- Friday, 05 February 2016
- Written by Moses Ananga
Each one of us desires to grow and be wealthy. While there are no definite ways to this end, we however know what not to do.
Every day there are thousands or probably millions of betting games going on around the world. In Kenya particularly, we have experience an upsurge of the betting and gaming competitions this decade. These enterprises are not limited any single sector but dominates all fields of our lives, from sports, to pure gambling, to casino gaming and surprisingly to religion. All these are a testimony to our innate desire to acquire the means and the control of wealth.
Could many Kenyans’ be living in utopia? Dreaming of making it big miraculously? How else can we explain the ever thriving industry of high risk – high return negligible gain probability trading? One of course does not need to carry an extensive market to learn how much Kenyans can go in this business of betting. The major question is, are Kenyans gullible or do they have a general affinity for free things?
That notwithstanding, we need to interrogate the main beneficiaries of this industry. With every bid a participant believes he can win the lot and the lure escalates into more bids. The promoters of such games know the rules, “the more you bid the higher your chance of winning”, and so they say. As result, we have succeeded in elevating the millionaires to billionaire class while the wishful to-be millionaires loose the little they have. As George Clason alludes in his book, The richest man in Babylon,” Gold flees the man who would force it to impossible earnings or who follows the alluring advice of tricksters and schemers or who trusts it to his own inexperience and romantic desires in investment.”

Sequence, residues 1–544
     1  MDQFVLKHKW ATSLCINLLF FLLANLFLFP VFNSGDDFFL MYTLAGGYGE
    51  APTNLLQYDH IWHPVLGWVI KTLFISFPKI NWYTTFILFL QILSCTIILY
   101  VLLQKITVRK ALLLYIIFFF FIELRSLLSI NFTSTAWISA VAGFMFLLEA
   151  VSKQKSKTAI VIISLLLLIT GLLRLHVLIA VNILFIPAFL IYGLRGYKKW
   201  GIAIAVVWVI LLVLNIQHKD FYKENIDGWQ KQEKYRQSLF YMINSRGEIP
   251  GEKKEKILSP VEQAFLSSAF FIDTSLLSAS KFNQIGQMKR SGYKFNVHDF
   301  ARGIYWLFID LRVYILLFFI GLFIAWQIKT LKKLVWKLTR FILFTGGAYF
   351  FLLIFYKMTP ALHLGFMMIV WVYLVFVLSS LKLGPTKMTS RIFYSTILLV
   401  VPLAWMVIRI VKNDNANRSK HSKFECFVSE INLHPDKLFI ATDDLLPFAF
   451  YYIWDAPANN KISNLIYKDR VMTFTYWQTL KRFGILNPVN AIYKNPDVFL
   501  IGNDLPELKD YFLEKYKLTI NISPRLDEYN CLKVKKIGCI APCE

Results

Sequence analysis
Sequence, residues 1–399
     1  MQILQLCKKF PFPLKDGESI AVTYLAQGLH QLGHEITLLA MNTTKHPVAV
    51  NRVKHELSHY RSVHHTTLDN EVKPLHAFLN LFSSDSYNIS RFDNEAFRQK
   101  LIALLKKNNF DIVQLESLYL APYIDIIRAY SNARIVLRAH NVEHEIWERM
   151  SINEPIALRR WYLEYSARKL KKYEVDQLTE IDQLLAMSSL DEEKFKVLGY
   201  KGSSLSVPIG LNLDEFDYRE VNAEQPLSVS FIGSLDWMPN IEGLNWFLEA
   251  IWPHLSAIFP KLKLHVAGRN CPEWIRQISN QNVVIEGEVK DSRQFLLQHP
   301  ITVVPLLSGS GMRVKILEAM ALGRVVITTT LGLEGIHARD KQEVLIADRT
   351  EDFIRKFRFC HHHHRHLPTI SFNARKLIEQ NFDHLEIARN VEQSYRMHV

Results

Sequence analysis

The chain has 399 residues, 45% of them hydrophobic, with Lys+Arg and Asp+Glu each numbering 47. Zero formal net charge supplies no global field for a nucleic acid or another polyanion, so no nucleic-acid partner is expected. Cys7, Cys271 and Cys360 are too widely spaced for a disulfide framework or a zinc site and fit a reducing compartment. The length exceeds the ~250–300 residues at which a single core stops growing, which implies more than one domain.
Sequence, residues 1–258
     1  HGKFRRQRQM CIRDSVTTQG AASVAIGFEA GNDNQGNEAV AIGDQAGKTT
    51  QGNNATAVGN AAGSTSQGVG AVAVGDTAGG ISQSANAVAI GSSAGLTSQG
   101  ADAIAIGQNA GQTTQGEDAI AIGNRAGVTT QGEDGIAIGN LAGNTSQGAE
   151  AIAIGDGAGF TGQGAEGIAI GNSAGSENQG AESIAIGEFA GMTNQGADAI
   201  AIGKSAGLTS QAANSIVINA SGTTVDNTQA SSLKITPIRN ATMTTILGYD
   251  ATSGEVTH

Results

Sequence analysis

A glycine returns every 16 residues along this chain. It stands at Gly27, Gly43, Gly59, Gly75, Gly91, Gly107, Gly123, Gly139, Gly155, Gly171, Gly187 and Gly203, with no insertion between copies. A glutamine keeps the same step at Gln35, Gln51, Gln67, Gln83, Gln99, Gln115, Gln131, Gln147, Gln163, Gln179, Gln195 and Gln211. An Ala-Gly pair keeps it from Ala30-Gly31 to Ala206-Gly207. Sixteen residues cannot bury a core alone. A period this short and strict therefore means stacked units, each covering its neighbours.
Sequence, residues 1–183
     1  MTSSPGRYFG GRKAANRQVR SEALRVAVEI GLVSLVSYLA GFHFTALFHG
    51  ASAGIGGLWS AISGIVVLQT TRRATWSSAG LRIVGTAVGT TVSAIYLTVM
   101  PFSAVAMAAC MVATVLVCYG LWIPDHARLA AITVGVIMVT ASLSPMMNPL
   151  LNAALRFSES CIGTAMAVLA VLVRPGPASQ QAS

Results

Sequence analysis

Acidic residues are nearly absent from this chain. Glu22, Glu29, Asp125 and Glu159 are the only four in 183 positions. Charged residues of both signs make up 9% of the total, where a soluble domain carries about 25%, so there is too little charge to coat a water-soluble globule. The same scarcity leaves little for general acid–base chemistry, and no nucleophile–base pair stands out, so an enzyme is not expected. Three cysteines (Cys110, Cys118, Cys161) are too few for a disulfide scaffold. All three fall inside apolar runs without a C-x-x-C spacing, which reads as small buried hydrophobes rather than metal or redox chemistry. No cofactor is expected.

Back to our previous question, do Kenyans love free and easy money? Of course who doesn’t! The qualification for such award however is skewed with managers of the schemes having an upper hand to the player. Let’s take game betting for instance, the participant has no influence on outcome and entirely relies on his trust and emotions on the team he places a bet on to win. On the other hand, the promoter has learnt the art of invoked emotions in gaming and as such the company is assured of a surplus on bids. Again the created Millionaires, sorry billionaires are not the bidders but the organizers. While as long as our affinity for easy money increases, the schemers (as Clason refers to them) will always flourish.
It’s also worth noting that the crave has not left any sector behind the common street trader with ‘pata-potea’ to multi-billion pyramid schemes, to churches, all preaching single gospel – quick money. All these have learnt to plant and cultivate on the fields of ignorance and harvest in the yields of Kenyans’ greed.
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